ACC (Pending)

A brief sheet on UNS Electric’s application for rate design change

Published June 2016

(Download full brief here)

The essentials:

  • UNS Electric, Inc., is a small utility serving approximately 93,000 ratepayers in Santa Cruz and Mohave Counties in Arizona.
  • The utility faces challenges in paying for fixed assets with a declining demand and a business model built on increasing energy consumption.
  • As a remedy, UNS is applying for a rate change focused on increasing the cost of electricity for small volume electricity users, especially those that may benefit from net-metering policies for distributed (primarily solar) generation.
  • Although the utility is small, the rate case is being closely watched, as it may be precedent setting for other utilities.

A Brief on the Draft Amendment to Change Arizona’s Energy Efficiency Resource Standard to a Goal

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The essentials

  • The Arizona Energy Efficiency Resource Standard (EERS) requires regulated electric utilities with an annual revenue of more than $5 million to achieve a cumulative energy savings of 22 percent by 2020, based on historical customer demand. The incremental savings began in 2011 at 1.25% of the previous year’s retail sales. Regulated gas utilities have a similar requirement of 6 percent cumulative energy savings by 2020, also based on historical consumer demand.
  • On November 4th, 2014, the Arizona Corporation Commission (ACC) staff filed a draft amendment to the state EERS that would have the effect of rescinding the mandatory Standard. Instead, gas and electric utilities would be allowed to determine their own custom energy efficiency goals each year, on the basis of cost-effectiveness, during their bi-annual integrated resource planning (IRP) process. The IRP is non-binding.
  • The public has until Tuesday, November 18th, 2014 to submit comments to the ACC regarding the proposal. (Comment submission information can be found at the end of this document).
  • Currently, the Societal Cost Test is used to verify all energy efficiency programs under the EERS. The amended goal would allow the Commission to use three other tests to determine cost effectiveness:

o   The Participant Cost Test

o   The Ratepayer Impact Cost Test

o   The Utility Cost Test



The ACC seeks an alternative to RECs: APS’s Track and Record brief Part II

Published April 2014

(download full brief)

The essentials

  • Arizona’s Renewable Energy Standard & Tariff (REST) requires that 4.5% of electricity comes from distributed generation (DG) systems such as rooftop solar.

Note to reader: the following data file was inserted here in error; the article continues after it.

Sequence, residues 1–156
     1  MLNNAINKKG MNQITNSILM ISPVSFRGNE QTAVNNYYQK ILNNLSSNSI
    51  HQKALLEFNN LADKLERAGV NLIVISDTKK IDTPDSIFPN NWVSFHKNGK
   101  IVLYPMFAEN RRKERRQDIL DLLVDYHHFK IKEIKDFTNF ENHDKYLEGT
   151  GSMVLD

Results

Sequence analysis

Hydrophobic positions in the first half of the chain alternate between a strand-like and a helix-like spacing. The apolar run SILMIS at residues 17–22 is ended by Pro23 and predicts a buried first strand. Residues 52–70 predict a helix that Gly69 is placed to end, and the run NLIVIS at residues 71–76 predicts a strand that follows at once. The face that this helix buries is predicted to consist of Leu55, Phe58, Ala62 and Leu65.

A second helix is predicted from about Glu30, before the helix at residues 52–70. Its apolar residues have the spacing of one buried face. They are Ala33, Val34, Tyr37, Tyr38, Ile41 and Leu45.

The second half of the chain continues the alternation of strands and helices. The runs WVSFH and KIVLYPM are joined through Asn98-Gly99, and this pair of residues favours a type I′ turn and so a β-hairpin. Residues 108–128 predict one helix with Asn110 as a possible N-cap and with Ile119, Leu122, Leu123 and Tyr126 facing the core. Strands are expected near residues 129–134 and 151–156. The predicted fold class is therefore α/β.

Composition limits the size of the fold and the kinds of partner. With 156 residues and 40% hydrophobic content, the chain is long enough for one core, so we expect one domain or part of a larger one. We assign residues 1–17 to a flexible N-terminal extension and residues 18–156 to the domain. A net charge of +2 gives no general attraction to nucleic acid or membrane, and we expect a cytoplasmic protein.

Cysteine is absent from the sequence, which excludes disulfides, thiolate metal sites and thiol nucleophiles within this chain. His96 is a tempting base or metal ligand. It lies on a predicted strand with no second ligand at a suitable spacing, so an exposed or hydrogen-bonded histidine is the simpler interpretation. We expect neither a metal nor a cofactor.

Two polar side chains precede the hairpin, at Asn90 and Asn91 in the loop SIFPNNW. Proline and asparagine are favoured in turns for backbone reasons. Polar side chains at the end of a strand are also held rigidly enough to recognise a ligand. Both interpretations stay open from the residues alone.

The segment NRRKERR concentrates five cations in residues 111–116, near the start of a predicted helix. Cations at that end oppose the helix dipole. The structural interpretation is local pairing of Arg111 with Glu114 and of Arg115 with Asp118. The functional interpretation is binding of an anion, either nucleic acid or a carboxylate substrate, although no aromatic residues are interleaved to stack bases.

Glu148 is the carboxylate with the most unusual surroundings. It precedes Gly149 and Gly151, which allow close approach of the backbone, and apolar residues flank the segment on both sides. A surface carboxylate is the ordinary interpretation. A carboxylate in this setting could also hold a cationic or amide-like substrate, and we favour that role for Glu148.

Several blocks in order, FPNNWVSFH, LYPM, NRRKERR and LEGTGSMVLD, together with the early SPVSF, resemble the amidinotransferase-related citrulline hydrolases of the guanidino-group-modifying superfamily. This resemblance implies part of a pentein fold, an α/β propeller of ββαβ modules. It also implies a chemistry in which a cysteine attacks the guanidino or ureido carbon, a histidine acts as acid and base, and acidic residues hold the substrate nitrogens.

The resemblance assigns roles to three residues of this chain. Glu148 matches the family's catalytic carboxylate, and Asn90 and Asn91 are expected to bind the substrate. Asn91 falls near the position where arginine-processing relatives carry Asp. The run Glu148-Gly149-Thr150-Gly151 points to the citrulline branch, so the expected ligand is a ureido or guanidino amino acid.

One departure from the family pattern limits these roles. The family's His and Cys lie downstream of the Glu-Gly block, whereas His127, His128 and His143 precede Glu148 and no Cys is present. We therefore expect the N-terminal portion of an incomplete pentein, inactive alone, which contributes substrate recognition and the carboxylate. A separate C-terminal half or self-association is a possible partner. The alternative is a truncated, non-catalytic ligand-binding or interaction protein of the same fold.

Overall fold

• Regulated utilities demonstrate compliance with the REST by collecting Renewable Energy Credits (RECs) from their customers who have installed DG systems, in exchange for upfront cash incentives meant to help customers finance the installation of the DG system.
  • With the rising demand for DG installations since the start of the REST, the Arizona Corporation Commission agreed to significantly reduce upfront incentives. As a result, the regulated electric utilities lost their guaranteed source of RECs that are needed to demonstrate compliance.
  • During June 2012, Arizona Public Service (APS), Tucson Electric, & Power (TEP), and UNS Electric (UNS) proposed a Track and Record option that would allow utilities to demonstrate compliance by tracking and counting towards compliance any new DG connection added within each service territory, independent of REC ownership.
  • On February 24, 2014, the ACC issued an order indicating that good cause exists for authorizing a one-year waiver to the regulated utilities’ (APS, TEP, and UNS) 4.5% DG requirement. The purpose of this waiver is to allow the ACC time to develop a new method to track utility compliance with REST.

APS’s Track and Record Proposal for Renewable Energy Credit Compliance

(download full brief)

The essentials

  • In its 2013 REST implementation plan submitted to the Arizona Corporation Commission, Arizona Public Service (APS) proposed eliminating all incentives for distributed generation (DG) renewable energy systems.
  • Under the REST, regulated utilities such as APS are required to obtain a certain amount of Renewable Energy Credits (RECs). One REC is created for every kilowatt hour generated, and is the property of the owner of the distributed generation system.
  • APS currently purchases its RECs by offering cash incentives to DG owners. Without incentives, APS will be unable to obtain the required amount of RECs.
  • APS proposes severing the relationship between generation of energy and ownership of RECs. Instead, APS proposes demonstrating compliance with the REST by tracking and recording all distributed energy production that is interconnected within its service territory.
  • Critics argue this would violate the REST and constitute a government taking of private property.


(download full brief)

The essentials

  • Energy efficiency may bring benefits such as less cost to consumers, fewer future rate increases, and less environment impact for energy consumption.
  • However utilities have a disincentive to invest in energy efficiency measures that reduce sales and therefore profitability.
  • A critical step for successful energy efficiency policy is a mechanism that severs the link between utility revenue and total energy sales.
  • The Arizona Corporation Commission has pursued such “decoupling” measures in several recent rate cases.